- Oct 2017
Inside it is close and smelly. There are no windows. The two prisoners lie bound on the floor. The smell comes from them, a smell of old urine. I call the guard in: “Get these men to clean themselves, and please hurry.”
This passage demonstrates the autonomy of the empire through the treatment of prisoners when Colonel Joll captures prisoners. The magistrate shows that he doesn't approve of the treatment and attempts to help the prisoners and gets"them to clean themselves" and attempts to help them, but he doesn't fully help them, he still follows the power and runs away from the problems within his society.
- May 2017
These offenses included suspicion of treason intent on the part of couriers if they behaved with insufficient respect to the Tsar, to common crimes such as robbery or forgery. Some of the exiles were put to work on the land as state peasants, or employed as craftsmen in towns, but the majority were drafted into the ranks of the Cossacks.
Forsyth, James. A history of the peoples of Siberia: Russia's north Asian colony, 1581-1990. Cambridge: Cambridge Univ. Press, 1992.
- Feb 2017
I shall only remark that it might well suit the poet's fancy, who sings of sparkling eyes and coral lips, and knights in armor clad; but it seems to me ut-terly inconsistent with the dignity of a Christian body, to endeavor to draw such an anti-scriptural distinction between men and women. Ah! howl many of my sex feel in the dominion, thus un· righteously exercised over them, under the gentle appellation of f'rutection, that what they have leaned upon has proved a broken recd at besl, and oft a spear.
This is badass and actually had me loling. Basically, Grimké says: "That little poetry bit was cute and all, but frankly, I find your comparison of the female body to a beautiful (but still frail and dependent and clingy) vine as fancifully out-of-touch, demeaning to my faith, and personally offensive to my sex. P.S. The metaphorical tree of masculinity that women supposedly lean on for support and protection (anyone catch the underlying phallic reference here?) is actually either a weak twig or a weapon that impales us. So thanks."
- May 2016
"Thousands of files containing details of prisoners arrested during 1913 Lockout, Easter Rising published online," RTÉ Six-One News (2016-05-11) [flash video]
RTÉ Six-One News report on the restoration of DMP Prisoners Books to the Garda Museum and Archives, and launch of the four digitised volumes of Dublin Metropolitan Police prisoner books from the Irish revolutionary period.
"UCD Library Cultural Heritage: Launch of the Dublin Metropolitan Police Prisoners Books." Flickr (2015-05-11)
Flickr album of photographs from the SPITU-sponsored launch of the digital DMP Prisoners Books at Liberty Hall, Dublin.
"SIPTU presents historic DMP files to Garda and to UCD online library" (2016-05-11) http://www.siptu.ie/media/pressreleases2016/featurednews/fullstory_19808_en.html
SIPTU presented ‘Prisoners Books’ concerning over 30,000 people arrested by the Dublin Metropolitan Police (DMP) between 1905 and 1918 to the Garda Síochána at a ceremony in Liberty Hall, Dublin, this morning (11th May).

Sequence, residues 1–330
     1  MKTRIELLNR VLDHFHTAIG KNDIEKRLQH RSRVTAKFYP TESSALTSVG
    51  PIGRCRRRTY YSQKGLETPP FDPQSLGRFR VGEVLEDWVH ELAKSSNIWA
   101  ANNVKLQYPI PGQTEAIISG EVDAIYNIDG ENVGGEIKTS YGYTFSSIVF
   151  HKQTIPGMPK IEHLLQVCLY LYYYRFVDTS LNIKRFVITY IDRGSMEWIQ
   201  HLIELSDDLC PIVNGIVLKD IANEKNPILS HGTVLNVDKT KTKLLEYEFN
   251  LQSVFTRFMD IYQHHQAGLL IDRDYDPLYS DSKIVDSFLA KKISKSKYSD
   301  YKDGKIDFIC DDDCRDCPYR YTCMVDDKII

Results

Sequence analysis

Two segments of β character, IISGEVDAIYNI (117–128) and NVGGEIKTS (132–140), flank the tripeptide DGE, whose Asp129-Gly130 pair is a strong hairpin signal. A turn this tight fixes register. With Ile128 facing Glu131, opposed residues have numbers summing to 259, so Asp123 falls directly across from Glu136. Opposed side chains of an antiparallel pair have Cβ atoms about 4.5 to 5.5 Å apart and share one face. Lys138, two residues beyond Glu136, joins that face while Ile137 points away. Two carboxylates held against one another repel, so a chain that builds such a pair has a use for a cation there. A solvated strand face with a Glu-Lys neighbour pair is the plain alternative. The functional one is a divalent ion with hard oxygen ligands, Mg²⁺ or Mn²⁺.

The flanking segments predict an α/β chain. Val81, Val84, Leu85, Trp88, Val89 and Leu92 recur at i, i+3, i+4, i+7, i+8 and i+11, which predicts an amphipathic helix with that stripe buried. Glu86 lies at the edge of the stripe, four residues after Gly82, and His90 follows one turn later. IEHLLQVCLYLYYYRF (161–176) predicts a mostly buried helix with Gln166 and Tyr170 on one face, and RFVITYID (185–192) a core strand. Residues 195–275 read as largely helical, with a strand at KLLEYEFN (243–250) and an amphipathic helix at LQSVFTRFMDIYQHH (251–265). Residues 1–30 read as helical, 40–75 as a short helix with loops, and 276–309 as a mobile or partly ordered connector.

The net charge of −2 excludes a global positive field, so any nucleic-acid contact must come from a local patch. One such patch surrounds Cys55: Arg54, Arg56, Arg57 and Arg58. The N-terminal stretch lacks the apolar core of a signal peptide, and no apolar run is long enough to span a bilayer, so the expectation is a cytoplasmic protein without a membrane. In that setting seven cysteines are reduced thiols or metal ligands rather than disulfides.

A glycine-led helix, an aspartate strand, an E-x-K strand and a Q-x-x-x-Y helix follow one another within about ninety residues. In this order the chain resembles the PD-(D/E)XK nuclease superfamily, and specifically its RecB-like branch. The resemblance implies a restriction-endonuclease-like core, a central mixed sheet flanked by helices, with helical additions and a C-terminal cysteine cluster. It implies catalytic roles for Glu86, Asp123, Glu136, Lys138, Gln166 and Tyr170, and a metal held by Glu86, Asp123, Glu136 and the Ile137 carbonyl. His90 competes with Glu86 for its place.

The Dublin Metropolitan Police (DMP) Prisoners Books for 1905-1908 and 1911-1918 are amongst the most valuable new documents to come to light on the revolutionary decade.
They include important information on social and political life in the capital during the last years of the Union, from the period of widespread anticipation of Home Rule, to the advent of the 1913 Lockout, the outbreak of the First World War in 1914, the Easter Rising and its aftermath in 1916, and including the conscription crisis of 1918.
They will also be invaluable to those interested in criminology, genealogy, and family history.
The collection comprises of four large leather bound, double ledger volumes containing hand written entries that record the details of daily charge sheets issued by DMP members to offenders or alleged offenders.
Each volume contains the name, age, address, occupation, alleged offence and, in most cases, outcome of cases involving over 30,000 people arrested by the DMP.
Each volume also contains an index of prisoners with references to the pages containing details of the charge. The information in these volumes serves, therefore, to provide new perspectives on life in Dublin during a time of war and revolution.
Dublin Metropolitan Police's Prisoners Books released," Irish Geneology News (2016-05-12) http://www.irishgenealogynews.com/2016/05/dublin-metropolitan-polices-prisoners.html
Launched yesterday at Liberty Hall, these records date from Ireland's revolutionary era and include all manner of crimes listed in register pages headed 'Prisoners charged with offences involving dishonesty'. ...
"Historic police records showing Connolly and Larkin arrests found in skip," Irish Independent (2016-05-11) http://www.independent.ie/irish-news/historic-police-records-showing-connolly-and-larkin-arrests-found-in-skip-34707471.html
The four missing volumes of 'Prisoner Books' listing the arrests of more than 30,000 people between 1905 and 1918 include the "crimes" of labour leaders Jim Larkin (seditious conspiracy), James Connolly (incitement to crime), revolutionary Maud Gonne MacBride (defence of the realm) and suffragette Hanna Sheehy Skeffington, (glass-breaking with other suffragettes).
"Records of 1916 Rising arrests published online," Irish Examiner (2016-05-12)
Reports containing details of 30,000 arrests by the Dublin Metropolitan Police more than 100 years ago have been published online, writes Dan Buckley.
They contain details of prisoners during the Lockout of 1913, the outbreak of the First World War and the 1916 Easter Rising.
- UCD Library
- James Connolly
- Dublin Metropolitan Police
- Garda Museum
- UCD Digital Library
- Irish Independent
- Prisoners books
- RTÉ Six-One News
- Hanna Sheehy Skeffington
- Maud Gonne MacBride
- Jim Larkin
- UCD DIgital Library
- Ros Pan